Urban Biographies, Ancient and Modern

Detroit, USA

x Excavated soil block
x Excavation of soil block for exhibition
x Artifacts found during excavation of soil block
x Multispectral satellite image of Detroit’s North End
x 1951 Sanborn fire insurance map of North End of Detroit
x 2018 satellite image of North End of Detroit

Satellite Images

Different kinds of vegetation reflect light differently. These variations can be recorded in multispectral satellite images, which isolate and capture different wavelengths across the electromagnetic spectrum. Analysis of multispectral images can help distinguish between “natural” vegetation, such as grass and forest, and cultivated crops. Archaeologists use multispectral images to identify farmland, which is more suitable for archaeological survey than forest or open pasture. Multispectral imagery can also be useful in measuring the impact of urban farming and the transformation of residential neighborhoods in Detroit, and in planning for the future.

Excavation of soil block for exhibition
Multispectral satellite image of Detroit’s North End

This image of the area around Detroit’s North End and the Oakland Avenue Urban Farm uses data from near-infrared wavelengths to measure the density of vegetation, shown here in green. As technology advances and the resolution of multispectral imagery becomes more refined, it will eventually be possible to discern and measure even small-scale land uses such as urban agriculture.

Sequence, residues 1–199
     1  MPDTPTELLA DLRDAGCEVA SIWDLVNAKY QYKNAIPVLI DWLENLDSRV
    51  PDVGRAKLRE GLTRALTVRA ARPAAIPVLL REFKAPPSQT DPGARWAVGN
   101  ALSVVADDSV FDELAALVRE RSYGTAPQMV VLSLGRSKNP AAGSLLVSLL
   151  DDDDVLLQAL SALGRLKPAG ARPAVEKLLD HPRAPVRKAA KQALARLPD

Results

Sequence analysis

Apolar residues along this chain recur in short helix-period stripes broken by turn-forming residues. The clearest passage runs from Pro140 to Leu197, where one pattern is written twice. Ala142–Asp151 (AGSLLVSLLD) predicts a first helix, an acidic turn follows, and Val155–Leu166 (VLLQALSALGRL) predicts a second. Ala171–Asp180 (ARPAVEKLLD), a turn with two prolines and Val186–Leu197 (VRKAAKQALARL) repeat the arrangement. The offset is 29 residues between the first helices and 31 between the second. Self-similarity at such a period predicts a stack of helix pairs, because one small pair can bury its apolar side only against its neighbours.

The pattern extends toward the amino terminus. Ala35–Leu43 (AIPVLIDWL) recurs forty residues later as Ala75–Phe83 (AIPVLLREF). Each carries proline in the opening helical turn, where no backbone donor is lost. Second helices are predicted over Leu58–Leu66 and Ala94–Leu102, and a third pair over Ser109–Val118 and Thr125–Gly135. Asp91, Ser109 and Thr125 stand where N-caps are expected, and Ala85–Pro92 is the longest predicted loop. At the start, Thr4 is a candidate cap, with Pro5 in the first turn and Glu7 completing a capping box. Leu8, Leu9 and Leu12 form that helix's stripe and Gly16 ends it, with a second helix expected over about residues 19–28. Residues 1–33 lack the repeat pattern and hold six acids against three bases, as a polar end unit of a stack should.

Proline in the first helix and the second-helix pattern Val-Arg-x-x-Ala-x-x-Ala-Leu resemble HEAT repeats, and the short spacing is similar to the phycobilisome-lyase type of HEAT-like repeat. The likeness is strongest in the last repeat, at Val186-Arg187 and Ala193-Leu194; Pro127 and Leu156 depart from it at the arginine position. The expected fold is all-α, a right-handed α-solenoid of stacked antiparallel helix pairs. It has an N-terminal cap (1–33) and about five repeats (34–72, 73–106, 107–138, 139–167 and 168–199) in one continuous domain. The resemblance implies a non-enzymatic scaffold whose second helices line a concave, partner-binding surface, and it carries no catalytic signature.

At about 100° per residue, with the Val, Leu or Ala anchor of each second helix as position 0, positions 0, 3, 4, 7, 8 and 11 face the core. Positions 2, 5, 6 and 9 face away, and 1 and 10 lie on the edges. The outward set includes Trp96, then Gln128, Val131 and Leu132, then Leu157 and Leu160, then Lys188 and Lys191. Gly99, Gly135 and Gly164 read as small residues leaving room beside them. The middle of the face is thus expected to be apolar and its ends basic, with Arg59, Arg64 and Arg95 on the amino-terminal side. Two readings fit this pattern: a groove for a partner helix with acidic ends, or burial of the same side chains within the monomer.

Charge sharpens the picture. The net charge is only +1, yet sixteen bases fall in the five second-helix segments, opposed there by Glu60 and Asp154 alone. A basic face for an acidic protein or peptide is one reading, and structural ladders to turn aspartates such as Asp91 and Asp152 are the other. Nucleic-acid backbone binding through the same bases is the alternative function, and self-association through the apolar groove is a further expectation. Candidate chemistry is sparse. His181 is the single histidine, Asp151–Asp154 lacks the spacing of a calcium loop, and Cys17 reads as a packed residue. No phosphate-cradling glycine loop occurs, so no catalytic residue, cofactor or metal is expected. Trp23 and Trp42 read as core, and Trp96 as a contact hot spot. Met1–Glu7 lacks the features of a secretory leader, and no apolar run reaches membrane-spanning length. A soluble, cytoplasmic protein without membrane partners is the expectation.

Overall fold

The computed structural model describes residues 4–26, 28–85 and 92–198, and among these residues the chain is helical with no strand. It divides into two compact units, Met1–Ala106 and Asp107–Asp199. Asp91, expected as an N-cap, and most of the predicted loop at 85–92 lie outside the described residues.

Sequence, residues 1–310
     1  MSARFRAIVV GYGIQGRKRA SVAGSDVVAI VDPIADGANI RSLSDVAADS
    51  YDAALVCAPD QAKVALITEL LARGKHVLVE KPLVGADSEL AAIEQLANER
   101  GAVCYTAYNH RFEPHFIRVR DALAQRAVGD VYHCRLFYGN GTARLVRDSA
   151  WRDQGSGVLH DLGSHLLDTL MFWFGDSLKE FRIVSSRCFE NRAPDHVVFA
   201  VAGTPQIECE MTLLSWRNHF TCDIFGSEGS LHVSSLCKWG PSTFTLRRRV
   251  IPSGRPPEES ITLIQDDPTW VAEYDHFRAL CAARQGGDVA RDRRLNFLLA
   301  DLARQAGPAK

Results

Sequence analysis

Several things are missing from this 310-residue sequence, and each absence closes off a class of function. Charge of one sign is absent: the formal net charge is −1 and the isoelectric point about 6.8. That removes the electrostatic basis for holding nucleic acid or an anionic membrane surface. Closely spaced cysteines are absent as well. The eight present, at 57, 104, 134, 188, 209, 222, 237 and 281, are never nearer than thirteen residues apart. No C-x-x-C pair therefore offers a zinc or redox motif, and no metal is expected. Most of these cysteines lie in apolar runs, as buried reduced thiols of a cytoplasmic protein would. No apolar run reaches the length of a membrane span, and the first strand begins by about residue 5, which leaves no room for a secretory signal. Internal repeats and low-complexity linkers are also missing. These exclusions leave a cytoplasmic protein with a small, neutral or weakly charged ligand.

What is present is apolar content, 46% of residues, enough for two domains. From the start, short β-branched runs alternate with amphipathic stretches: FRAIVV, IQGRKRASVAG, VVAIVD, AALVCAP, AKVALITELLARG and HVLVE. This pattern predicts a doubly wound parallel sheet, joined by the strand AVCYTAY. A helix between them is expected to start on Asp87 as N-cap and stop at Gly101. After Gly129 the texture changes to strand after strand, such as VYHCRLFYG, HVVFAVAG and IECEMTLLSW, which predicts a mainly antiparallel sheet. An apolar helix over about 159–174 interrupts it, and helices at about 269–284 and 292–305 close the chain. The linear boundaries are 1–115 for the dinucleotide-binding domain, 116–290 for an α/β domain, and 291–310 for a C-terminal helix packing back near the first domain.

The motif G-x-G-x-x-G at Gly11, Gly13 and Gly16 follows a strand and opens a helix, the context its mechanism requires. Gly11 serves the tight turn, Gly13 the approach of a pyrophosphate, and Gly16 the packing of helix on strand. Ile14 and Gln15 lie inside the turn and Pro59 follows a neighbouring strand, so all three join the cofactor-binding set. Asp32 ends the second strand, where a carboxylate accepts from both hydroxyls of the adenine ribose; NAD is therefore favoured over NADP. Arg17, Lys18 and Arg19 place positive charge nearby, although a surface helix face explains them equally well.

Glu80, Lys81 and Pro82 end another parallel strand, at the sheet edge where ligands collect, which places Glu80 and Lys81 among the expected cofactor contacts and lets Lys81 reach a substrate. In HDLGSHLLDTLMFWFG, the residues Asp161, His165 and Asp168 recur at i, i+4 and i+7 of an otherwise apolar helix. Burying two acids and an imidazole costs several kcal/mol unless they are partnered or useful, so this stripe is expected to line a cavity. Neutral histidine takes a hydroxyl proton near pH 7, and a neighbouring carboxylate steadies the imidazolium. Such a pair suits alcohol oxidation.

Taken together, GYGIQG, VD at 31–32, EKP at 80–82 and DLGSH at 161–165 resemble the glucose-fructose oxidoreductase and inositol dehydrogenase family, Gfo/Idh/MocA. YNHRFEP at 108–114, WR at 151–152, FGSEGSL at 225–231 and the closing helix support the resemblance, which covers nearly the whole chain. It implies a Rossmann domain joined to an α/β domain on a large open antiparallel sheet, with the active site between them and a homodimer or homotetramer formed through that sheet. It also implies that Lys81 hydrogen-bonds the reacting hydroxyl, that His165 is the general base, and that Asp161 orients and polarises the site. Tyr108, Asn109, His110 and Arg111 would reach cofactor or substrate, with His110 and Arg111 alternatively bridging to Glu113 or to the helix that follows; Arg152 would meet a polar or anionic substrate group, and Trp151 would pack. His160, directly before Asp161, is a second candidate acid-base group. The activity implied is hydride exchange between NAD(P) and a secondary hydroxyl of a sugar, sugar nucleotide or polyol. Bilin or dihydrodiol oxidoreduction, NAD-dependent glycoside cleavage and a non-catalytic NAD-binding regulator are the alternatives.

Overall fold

Soil Sample

Farmers routinely sample the fertility of their soil. Archaeologists use soil cores (vertical soil profiles) to preview excavation areas, for example, to determine how deep ancient remains are buried. Soil samples in Detroit are being used for both purposes: to test the soil for nutrients or possible contaminants, and to capture a glimpse of the history of a small part of the city.

Excavated soil block
Excavated soil block in place in former back yard at Oakland Avenue Urban Farm

This soil sample is a vertical block of earth excavated from a former residential property at 9174 Goodwin Street, now part of the Oakland Avenue Urban Farm in Detroit’s North End. Extracted near a back alley where a garage once stood, it shows buried building materials and trash mixed deep into the fine sediments below the topsoil. Near the bottom of the block is a layer of dark organic soil, and below that can be seen the upper part of the sand layer deposited by the ancient lakebed.